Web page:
FLO’s New EV Chargers: Discussing their Focus on Maintenance, Uptime, and the Impact of Reduced Demand Rates

July 2, 2024

FLO recently introduced two new EV chargers, a new FLO Home line and their DC fast charging offering, FLO Ultra.

At this year’s EV & Charging Expo we spoke to Travis Allan, Chief Legal and Public Affairs Officer with FLO to gain some insight into the key elements of their new product offerings and to get their perspective on the direction of the EV charging industry.

Maintenance & Uptime

A key aspect of FLO’s new chargers chargers applies to maintenance and electrical contractors. FLO manages all of its own maintenance on its EV chargers. In doing so they contract electrical contractors to carry out the maintenance. With that in mind, Allan explained, “the doors of the [FLO Ultra] body are specifically designed to make it easier for electricians to do maintenance. Our network is obsessed with reliability and so we want to make it as fast as possible for electricians to be able to come and make any changes that they need to make.”

FLO utilizes its network of electricians who are installing and maintaining their chargers to help inform their product development process.

“We’re constantly talking to new electrical contractors in different regions across North America where we deploy all of our stations, which are designed to be installed by a licensed electrician in any jurisdiction. We actually consult with electricians to try to make it easier. For example, the new FLO home comes with aluminum wiring because our electrician contractors told us this will make their lives easier and faster, so we integrated that into the product.”

Downtime and network availability for public chargers is one of the top pain points for EV users, which is why they focus so much on maintenance and network uptime.

“We have a target for our network of 98% uptime and what that means is we are assessing all stations on the flow network, public stations at all times to make sure that they are available for use,” he noted.

Trends

Looking at the industry more broadly, Allan was encouraged by the investments from government, last year FLO recently received a $220-million investment from the Canada Infrastructure Bank to install around 2,000 fast charging ports across the country. Beyond that, federal and provincial governments have put increased focus on expanding the EV charging network in Canada.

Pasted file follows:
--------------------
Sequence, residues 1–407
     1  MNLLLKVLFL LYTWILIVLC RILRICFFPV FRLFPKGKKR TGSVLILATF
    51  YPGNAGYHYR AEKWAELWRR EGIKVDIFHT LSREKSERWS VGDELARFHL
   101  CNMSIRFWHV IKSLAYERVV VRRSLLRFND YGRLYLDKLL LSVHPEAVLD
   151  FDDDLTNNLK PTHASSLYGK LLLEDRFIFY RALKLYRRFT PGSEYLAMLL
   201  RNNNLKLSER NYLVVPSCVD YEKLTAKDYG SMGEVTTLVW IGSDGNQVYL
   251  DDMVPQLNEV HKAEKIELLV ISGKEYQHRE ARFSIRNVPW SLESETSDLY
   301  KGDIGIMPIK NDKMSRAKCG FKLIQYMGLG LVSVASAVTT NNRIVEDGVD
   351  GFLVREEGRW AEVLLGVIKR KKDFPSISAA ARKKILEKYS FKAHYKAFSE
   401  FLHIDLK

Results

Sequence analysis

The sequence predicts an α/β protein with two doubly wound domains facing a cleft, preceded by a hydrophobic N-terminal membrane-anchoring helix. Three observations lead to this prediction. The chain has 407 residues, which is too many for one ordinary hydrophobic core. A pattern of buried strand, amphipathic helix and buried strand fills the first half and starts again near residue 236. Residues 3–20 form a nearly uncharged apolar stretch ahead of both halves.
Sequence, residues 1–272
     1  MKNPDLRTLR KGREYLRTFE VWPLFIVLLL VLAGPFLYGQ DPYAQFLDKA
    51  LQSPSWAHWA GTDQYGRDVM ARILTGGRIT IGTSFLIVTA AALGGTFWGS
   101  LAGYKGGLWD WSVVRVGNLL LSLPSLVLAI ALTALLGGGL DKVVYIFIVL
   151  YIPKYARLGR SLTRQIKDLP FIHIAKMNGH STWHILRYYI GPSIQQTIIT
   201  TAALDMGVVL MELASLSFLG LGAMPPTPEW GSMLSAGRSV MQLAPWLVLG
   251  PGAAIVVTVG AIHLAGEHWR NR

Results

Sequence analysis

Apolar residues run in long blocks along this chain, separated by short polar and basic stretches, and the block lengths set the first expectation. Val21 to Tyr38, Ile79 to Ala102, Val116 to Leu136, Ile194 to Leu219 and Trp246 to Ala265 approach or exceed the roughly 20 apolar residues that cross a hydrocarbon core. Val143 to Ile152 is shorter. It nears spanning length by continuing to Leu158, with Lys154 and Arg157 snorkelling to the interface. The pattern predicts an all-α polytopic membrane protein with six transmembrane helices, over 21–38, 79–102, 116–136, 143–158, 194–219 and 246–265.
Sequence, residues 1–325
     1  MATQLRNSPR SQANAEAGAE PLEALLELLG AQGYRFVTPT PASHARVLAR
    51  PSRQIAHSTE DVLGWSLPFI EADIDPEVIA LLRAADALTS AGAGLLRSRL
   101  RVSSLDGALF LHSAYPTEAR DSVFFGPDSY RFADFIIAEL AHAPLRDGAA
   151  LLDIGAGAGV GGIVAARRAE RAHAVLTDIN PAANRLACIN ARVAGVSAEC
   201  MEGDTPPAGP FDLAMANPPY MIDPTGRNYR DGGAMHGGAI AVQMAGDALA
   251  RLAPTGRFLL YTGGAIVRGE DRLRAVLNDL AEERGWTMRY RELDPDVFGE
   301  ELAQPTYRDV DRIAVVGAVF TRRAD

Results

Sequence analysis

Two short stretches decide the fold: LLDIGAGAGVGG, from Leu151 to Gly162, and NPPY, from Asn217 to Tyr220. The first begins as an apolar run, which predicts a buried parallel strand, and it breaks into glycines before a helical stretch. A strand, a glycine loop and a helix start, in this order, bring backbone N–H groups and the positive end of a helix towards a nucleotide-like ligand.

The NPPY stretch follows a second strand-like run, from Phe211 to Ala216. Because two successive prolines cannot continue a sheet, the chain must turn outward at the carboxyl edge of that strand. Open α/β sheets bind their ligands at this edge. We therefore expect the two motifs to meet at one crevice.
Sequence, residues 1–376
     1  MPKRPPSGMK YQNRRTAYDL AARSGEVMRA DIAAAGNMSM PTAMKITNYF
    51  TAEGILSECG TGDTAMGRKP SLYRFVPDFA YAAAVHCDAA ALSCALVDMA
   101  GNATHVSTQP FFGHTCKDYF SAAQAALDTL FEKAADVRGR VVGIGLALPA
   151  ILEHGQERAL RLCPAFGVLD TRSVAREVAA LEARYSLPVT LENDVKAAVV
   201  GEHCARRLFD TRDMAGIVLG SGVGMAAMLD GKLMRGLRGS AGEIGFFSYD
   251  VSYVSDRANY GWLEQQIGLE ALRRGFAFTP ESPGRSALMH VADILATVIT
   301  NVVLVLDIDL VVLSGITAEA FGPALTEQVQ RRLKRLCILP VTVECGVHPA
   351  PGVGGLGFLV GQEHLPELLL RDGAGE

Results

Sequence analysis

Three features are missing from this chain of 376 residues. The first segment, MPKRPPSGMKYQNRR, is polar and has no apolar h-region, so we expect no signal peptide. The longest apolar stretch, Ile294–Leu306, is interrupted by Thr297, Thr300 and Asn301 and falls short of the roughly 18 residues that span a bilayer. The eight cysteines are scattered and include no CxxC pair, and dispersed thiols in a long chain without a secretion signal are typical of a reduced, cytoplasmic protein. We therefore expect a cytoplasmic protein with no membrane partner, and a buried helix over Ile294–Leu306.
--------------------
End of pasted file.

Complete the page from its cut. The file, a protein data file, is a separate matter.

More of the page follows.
At the EV & Charging Expo the Ontario government announced that it planned to explore reduced demand charges for EV chargers. This was an encouraging sign for Allan, who noted that, particularly for rural and remote areas, EV chargers are expensive to run because they are not being used enough.

Remote areas need infrastructure to increase EV adoption and provide confidence so that people are willing to make the jump to an EV.

“That’s a really big step for us,” Allan said of Ontario’s announcement. “When we’re evaluating which province we want to deploy [EV charging stations], we look at a couple of things. We look at how much utilization, how many drivers, we look at how much it’s going to cost to build the electrical infrastructure to install a station.”

Demand charges make EV chargers in rural areas unattractive because there is low utilization. At the same time, people in those areas can be reluctant to make the switch to EVs because they don’t see the infrastructure. That’s where governments need to provide policy and investment to make rural chargers viable economically.

Uptime
Shot of the FLO booth at the EV & Charging Expo held this May in Toronto

Features

The first thing noted about the FLO Ultra is the increased charging speed for the fast charger. FLO Ultra will charge most EVs to 80% battery in 15 minutes, depending on the size of the battery. The average time to fill up a gas vehicle is around 8 minutes, for reference.

A key feature of the Ultra is dynamic load sharing, “if you are one person using the station on you can get the whole 320 kilowatts if your vehicle is capable,” Allan explained, “if you have two people charging then it will dynamically share between the vehicles to maximize how much everyone’s getting at any one time.”

When it comes to Flo Home, as Allan mentioned an important feature is Wi-Fi connectivity, which allows the chargers to participate in utility demand response programs, as well as programming for time of use rates.

FLO Home has three models, X3, X6 and X8. The X3 and X6 models both feature a 50A/12kW output. The differentiating factor is a detachable cable holster for the X6. The X8 model has a 80A/19.2 kW output, which is the highest allowed for a Level 2 charger. Allan noted the X8 is designed for EVs with the largest batteries and drivers who are using their EV at the high end. Most EV users are not driving far enough that they require a fast charge at home and can typically charge overnight when rates are lowest.

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